- Step 4: The final step is to adjust the cloth tube into an upward position and tighten it around the head as you would a coil. After this, do your best to tuck it in and make your head wrapping as neat as possible.
Benefits of Wrapping Your Hair
Yes, the head wrap is a thing of beauty and cultural sophistication. However, it has various uses and benefits most especially for natural hair.
While asleep, the average woman does a great deal of moving around and for an African-American woman, the friction between hair and a pillow fabric could lead to breakage. A light head wrap could serve as a means to protect your hair from falling out while sleeping.
Natural Oil Distribution
Pillow fabrics have a tendency to soak up the natural oil in a woman’s hair, thereby causing dryness and itching, in most cases. Head wraps are quite effective in regulating natural oil content of hair and aiding in its even distribution.
All the hair kinks and bends that accompany everyday activities can be avoided with the use of a head wrap. They keep the hair in its natural shape and allows it to maintain a shiny appearance. Head wraps can also help tame the edges of your natural hair.
Head wraps are the best way to protect your hair in style. You could avoid damage to your hair and scalp that could be caused by sun, wind, and moisture. A head wrap will create more time for deep hair conditioning since head wraps reduce the need for styling.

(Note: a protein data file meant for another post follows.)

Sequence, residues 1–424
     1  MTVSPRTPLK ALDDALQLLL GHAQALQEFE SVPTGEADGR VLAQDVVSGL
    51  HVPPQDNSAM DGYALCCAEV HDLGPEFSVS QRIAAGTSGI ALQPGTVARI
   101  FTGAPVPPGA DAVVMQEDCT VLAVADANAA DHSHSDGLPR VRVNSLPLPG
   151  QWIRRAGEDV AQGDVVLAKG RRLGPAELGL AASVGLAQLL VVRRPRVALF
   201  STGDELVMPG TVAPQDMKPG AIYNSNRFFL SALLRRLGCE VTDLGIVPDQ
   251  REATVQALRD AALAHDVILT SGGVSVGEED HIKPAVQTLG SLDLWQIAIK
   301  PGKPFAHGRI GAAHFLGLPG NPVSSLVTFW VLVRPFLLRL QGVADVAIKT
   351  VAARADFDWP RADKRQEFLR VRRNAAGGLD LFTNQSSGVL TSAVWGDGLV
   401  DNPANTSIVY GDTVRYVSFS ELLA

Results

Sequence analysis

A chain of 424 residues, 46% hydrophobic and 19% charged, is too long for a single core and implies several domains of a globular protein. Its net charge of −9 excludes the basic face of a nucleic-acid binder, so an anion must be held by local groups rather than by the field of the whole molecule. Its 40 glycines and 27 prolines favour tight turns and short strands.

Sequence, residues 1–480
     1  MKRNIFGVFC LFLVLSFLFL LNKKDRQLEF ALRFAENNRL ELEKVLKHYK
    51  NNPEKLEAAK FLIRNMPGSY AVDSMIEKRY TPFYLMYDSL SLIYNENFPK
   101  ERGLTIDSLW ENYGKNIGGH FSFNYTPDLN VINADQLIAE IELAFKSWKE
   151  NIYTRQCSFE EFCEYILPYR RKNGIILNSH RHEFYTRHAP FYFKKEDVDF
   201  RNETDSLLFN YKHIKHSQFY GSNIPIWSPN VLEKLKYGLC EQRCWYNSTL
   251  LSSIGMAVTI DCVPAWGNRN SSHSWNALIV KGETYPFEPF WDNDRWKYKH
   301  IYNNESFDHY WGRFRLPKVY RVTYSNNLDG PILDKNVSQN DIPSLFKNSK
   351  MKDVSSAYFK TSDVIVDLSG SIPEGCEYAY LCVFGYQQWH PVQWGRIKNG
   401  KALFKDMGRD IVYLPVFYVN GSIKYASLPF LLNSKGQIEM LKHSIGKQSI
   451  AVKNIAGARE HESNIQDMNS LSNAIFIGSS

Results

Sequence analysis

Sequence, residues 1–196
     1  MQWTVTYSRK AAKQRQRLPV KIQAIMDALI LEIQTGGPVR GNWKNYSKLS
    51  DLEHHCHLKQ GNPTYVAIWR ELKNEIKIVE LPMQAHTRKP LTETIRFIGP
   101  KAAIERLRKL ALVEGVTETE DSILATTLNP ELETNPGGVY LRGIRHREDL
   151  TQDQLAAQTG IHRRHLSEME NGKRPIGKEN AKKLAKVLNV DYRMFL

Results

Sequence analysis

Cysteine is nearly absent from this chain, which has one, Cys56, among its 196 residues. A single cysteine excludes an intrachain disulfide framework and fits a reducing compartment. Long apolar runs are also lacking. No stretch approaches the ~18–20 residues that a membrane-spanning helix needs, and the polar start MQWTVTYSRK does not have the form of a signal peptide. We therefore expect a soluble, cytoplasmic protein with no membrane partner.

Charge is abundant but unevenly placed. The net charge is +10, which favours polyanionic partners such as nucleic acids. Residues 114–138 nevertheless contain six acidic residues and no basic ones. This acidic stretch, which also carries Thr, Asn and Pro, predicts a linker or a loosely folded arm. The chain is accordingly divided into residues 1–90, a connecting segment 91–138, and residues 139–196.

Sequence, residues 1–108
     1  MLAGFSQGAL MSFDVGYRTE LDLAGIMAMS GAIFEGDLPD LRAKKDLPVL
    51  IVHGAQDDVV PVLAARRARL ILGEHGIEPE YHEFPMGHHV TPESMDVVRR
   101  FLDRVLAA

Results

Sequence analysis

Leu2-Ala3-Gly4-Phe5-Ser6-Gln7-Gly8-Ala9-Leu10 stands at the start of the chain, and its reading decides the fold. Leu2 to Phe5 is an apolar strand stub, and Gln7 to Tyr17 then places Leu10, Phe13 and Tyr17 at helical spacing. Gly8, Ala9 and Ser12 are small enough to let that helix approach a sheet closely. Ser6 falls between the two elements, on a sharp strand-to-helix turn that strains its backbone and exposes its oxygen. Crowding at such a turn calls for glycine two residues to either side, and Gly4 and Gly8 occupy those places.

African Head Wraps
It has already been established that head wraps for women in America originated from African slaves. In the African-American society today, different types of head wraps are used by women on a large scale. Perhaps the most popular of these fabrics has to be the Gele.
The Gele has its roots deeply embedded in the Yoruba tribe of Nigeria, West Africa. It is a piece of fabric that is flat and smooth to the touch. Worn as a means to complement African attire, the African head wrap can be tied in various levels and styles.
The African head wrap has left the African shores and has crossed over to other continents such as Europe, North America, and South America. In these places, it is not uncommon to find non-Africans wearing Geles while attending African events.
Head Wraps for Men
Women are not the only people who find head wraps fashionable enough to wear. However, the head wrap most used by men has to be the turban. A turban is a piece of cloth winding used as headwear.
In some countries around the world, the turban is a customary headwear. Customs that greatly encourage wearing of turbans can be found in some parts of Asia, the Middle East, and Africa. The culture has been adopted by men living in America and is becoming more popular by the day.
There are various uses of the turban and it has been a way to differentiate men of varying social status and cultural background.
For African American men and women, the head wrap is a great way to look amazing, stay fashionable, and remain connected to your African roots all at once. Over the years, slight variations in the fabric have been made and it is clear that the head wrap has come to stay.